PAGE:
The British Private Equity and Venture Capital Association (BVCA) and PwC have published a report on private equity-backed IPOs in the United Kingdom (“PE-backed IPOs”) between 2009 and 2017.

The report looks at a number of metrics, including pricing and performance and use of proceeds, to build a picture of the IPO market and key trends in the market.

Highlights from the report include the following:

  • PE-backed IPOs have resulted in trading 43.9% higher on average than their offer price for the period from the IPO to 31 December 2017. This compares with non PE-backed IPOs, where trading is 26.6% higher on average.
  • The top ten PE-backed IPOs between 2009 and 2017 accounted for 37% of total proceeds from PE-backed IPOs during that period.
  • During recent years, the UK IPO market has been dominated by PE-backed IPOs. The peak occurred in 2014, with 32 PE-backed IPOs raising over £9 billion, and 2015, when PE-backed IPOs represented just under 90% of all IPO proceeds.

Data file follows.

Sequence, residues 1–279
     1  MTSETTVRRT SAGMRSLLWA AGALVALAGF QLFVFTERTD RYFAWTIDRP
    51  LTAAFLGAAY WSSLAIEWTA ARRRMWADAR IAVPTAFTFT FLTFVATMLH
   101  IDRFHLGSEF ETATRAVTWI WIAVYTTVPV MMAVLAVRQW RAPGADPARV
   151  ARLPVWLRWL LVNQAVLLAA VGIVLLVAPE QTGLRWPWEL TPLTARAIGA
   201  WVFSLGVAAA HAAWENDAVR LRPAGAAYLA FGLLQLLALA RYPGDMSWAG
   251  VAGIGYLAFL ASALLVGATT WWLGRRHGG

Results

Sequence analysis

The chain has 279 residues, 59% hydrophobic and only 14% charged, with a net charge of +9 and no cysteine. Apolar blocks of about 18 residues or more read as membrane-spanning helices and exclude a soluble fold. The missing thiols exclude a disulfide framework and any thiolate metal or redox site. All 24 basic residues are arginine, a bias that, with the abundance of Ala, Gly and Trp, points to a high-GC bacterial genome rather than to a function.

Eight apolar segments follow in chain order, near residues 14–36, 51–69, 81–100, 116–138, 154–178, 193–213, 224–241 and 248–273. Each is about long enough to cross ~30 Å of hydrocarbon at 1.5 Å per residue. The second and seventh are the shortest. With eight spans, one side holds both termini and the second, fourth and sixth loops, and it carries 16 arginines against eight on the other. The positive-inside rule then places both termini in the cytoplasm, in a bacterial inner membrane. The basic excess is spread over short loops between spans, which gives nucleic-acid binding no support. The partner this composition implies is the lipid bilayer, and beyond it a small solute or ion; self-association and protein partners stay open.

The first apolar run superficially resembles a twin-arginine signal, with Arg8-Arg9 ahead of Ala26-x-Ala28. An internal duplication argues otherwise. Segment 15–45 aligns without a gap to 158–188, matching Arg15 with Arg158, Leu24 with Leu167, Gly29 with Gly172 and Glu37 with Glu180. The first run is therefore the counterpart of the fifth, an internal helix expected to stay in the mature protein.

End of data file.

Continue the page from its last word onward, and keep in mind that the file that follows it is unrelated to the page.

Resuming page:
• Of the top ten PE-backed IPOs, Worldpay Group plc’s £2.1 billion IPO in 2015 remains the largest. Only one PE house was involved in more than one of the top ten PE-backed IPOs.
  • When measured both by number of IPOs and by proceeds, there is a slight bias across PE-backed IPOs towards the consumer services sector.
  • On average, 61% of proceeds on PE-backed IPOs came from a secondary sale of shares by selling shareholders, and 39% derived from the issue of new shares.
  • In 46% of PE-backed IPOs, the primary use of the IPO proceeds was to repay debt (compared with 11% in non PE-backed IPOs, which directed proceeds more towards growth objectives).
  • The report contains a list of PE houses ranked by number of IPO exits during the period and by total proceeds.
  • 99 out of 100 PE-backed IPOs reported a lock-up period. Of these, 75 declared a lock-up period of 180 days, 21 used a longer lock-up period, and only three used a shorter period. Non PE-backed IPOs, by contrast, were more evenly spread across periods of 180 days, 360 days, and 365 days or longer, suggesting generally shorter lock-up periods for PE-backed IPOs.
  • In line with this, where a PE-backed IPO was followed by a further offer, the further offer normally occurred within 180 to 360 days after IPO. For non PE-backed IPOs, the further offer normally occurred more than 360 days after IPO.
  • The average holding period over the last five years has been five years or slightly longer.